"Of course, skeptics might argue that this sort of data is only correlation, rather than causation. Underserved communities have high crime and fewer trees—not high crime in part due to fewer trees. So to support their claims, CRTI compiled all the benefits that trees provide, with citations for the various studies backing up the claims. One of those studies suggests that trees 'may deter crime both by increasing informal surveillance and by mitigating some of the psychological precursors to violence.'”
Yes, I've posted about the psychological benefits of trees, but I'm still skeptical.  Trees may, to a certain extent 'sooth' a community, but I'm still guessing that there's an economic correlation between low income and fewer trees and that the economic factor is the bigger driver of crime.  I would guess that Anchorage has a pretty high level of trees per people and a fair amount of crime.  And much crime happens where trees give cover for the homeless who commit crimes in the greenbelt areas.  But it's interesting research.  And I'd love to be wrong on this.

Monday, August 14, 2017

Anchorage Jury Sides With Firefighter Against Municipality of Anchorage

Thursday afternoon, August 12, 2017 an Anchorage jury found that the Municipality of Anchorage caused harm to firefighter Jeff Graham by violating the terms of the Collective Bargaining Agreement.  They also found that the MOA caused harm to Jeff Graham by violating the implied promise of good faith and fair dealing in the Collective Bargaining Agreement.   The case stems from AFD promotional exams that Graham complained were biased and unfair.

The plaintiff’s economics expert had put the damages at $1.7 million.  The MOA’s expert had put the damages at $200,000.  The jury’s award was closer to the latter - a little over three times the MOA estimate and about one-third of the plaintiff’s estimate.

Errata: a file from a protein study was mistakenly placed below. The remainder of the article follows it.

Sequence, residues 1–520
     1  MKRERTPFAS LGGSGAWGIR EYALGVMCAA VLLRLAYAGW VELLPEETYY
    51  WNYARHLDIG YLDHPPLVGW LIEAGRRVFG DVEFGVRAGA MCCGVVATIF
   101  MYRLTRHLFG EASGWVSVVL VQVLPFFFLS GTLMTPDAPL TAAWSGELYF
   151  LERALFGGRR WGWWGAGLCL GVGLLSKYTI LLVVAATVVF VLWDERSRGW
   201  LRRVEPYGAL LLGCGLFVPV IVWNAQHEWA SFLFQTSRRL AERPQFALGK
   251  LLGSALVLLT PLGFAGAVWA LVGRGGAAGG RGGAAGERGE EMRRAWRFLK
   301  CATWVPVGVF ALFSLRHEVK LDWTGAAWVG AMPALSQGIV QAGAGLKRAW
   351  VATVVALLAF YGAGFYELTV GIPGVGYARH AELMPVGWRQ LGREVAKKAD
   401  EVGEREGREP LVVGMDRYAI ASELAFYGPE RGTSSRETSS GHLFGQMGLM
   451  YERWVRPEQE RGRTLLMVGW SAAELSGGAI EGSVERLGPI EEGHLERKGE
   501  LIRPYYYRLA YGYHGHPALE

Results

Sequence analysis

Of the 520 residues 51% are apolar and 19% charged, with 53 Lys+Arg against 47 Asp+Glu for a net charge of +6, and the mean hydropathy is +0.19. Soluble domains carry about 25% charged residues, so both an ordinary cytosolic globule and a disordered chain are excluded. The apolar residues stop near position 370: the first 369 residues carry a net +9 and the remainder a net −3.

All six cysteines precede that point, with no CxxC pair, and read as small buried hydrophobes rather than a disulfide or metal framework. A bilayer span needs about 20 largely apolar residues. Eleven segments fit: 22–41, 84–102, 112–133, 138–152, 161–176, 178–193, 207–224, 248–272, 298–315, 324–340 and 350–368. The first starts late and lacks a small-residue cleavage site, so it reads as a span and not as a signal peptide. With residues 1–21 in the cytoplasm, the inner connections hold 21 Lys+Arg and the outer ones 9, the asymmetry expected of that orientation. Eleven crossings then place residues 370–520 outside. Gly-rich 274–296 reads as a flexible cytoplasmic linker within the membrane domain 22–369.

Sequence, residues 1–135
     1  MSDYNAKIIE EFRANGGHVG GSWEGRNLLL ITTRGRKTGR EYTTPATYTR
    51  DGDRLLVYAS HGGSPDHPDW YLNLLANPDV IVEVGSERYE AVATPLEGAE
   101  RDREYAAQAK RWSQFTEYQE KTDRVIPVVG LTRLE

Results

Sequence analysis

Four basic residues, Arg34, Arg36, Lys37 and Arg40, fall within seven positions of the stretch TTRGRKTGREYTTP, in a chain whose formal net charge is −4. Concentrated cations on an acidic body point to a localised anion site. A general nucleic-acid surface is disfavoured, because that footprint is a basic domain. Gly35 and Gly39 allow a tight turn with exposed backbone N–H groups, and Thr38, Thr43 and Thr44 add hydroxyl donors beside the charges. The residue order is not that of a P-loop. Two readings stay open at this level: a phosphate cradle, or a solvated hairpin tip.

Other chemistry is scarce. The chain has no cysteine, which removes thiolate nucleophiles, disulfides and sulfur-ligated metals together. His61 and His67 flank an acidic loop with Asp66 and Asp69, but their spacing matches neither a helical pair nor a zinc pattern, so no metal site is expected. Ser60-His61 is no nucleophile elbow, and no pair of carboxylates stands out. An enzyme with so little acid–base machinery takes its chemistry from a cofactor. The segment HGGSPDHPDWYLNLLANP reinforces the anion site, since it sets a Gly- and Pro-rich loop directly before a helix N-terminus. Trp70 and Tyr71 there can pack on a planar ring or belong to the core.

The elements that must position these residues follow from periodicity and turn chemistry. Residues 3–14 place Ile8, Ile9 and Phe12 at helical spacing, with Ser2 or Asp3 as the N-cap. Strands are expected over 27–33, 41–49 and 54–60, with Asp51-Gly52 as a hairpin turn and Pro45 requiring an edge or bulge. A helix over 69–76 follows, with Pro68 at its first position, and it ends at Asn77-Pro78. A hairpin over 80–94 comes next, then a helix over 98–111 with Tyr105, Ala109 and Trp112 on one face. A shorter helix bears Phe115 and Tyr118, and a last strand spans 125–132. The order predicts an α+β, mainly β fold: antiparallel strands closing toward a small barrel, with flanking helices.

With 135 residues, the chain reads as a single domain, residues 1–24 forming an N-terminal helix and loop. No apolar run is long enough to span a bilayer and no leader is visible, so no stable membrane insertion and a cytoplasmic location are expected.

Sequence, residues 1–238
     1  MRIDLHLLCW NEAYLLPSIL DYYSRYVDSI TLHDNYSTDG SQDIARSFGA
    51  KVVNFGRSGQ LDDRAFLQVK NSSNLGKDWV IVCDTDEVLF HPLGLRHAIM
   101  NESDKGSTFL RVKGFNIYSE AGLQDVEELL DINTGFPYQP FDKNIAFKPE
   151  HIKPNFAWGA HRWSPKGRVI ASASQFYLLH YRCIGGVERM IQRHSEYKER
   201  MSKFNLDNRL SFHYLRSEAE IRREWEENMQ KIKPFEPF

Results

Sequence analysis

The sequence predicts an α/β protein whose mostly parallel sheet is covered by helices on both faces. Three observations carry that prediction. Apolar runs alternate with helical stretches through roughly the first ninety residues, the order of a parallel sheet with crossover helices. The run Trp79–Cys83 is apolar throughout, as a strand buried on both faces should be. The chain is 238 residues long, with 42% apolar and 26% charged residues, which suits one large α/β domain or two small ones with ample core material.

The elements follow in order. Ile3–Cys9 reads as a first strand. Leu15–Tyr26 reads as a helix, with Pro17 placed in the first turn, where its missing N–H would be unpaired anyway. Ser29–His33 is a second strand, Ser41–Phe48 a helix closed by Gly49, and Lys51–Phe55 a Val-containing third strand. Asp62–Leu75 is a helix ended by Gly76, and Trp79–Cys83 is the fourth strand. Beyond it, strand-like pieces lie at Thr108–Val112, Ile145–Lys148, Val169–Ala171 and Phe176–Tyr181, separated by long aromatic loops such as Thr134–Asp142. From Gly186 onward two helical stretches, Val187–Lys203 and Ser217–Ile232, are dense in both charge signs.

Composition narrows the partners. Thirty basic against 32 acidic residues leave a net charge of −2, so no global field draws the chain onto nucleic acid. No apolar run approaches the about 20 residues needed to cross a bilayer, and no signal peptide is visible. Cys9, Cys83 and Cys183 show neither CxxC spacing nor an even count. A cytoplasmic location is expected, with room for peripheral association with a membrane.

The trial began on July 17 and the jury began deliberations on Tuesday August 10.  

Sunday, August 13, 2017

Anchorage People Gather In Support of Democracy

Somewhere between 300 and 400 people gathered on the Anchorage town square.  I just crossed out my first couple of attempts to describe why they were there.  The speakers talked about welcoming all people, love, making America stronger for all.  Signs people held were in support of love and diversity and against hate.  You can see some below in the pictures.  I'm just posting here to document Anchorage's participation in the nationwide demonstrations against the white power violence in Charlottesville.

As you can see, I clipped three photos together and photoshopped them to give a little more accurate perspective of the view I saw.  If you click on any picture it will get bigger and sharper.

The mayor and his wife were there.

Some Native Drumming.

And as I was leaving, I ran across this young man with this unexpected sign.  I wanted to ask him what he was doing in Indian country, but others were talking to him and I didn't want to wait around.  Ah, the power of simplistic thinking.  But consider some of the implications.

Some 230 million Euro-Americans would need to find space in Europe and leave just the United States alone - not counting Canada, Central America, or South America.  (And I'm not counting Hispanics, who, I assume would go to Europe too.)  Some 40 million Africans-Americans would be headed back to Africa.  That would leave what is the US today with about four million "Indians."  I'm basing my numbers on this census data, but I wasn't scrupulously careful here.  These are just ballpark figures.  

And what about people with mixed parentage?  There's lots and lots of them.  Do they get to choose which heritage they're going with?   Maybe their destination will be Australia since it isn't mentioned here.  Who will make those decisions?  What can these folks take with them?  Will the inhabitants of the listed continents be able to allow people from other continents to come live in their continent?  What about to work?  Who will make these decisions?  Only the racial purists?  Or will there be a democratic vote?  

What exactly does the last part mean?  "The existence of my people is NON-NEGOTIABLE"?  Who are his people?  Europeans?  Northern or southern?  Neanderthals were in Europe when the first humans showed up about 40,000 years ago.  From what we know now (not necessarily what we'll know in 20 or 50 years), all the humans came from Africa in the first place, and when they left, they mated with Neanderthals.  

And, of course, all this assumes something called 'race' exists in more than the most superficial physical characteristic.  I understand that people want to know who they are and if their parents haven't done a good job of raising them, they'll latch onto whatever people or groups reach out to them and nurture them.  So lots of lost souls - whether educated or not, from any rung of the economic ladder - can get attracted to explanations that answer their questions about themselves.  This man's solution does reveal a lack of thinking through how all this would work, or even the idea of 'my people.'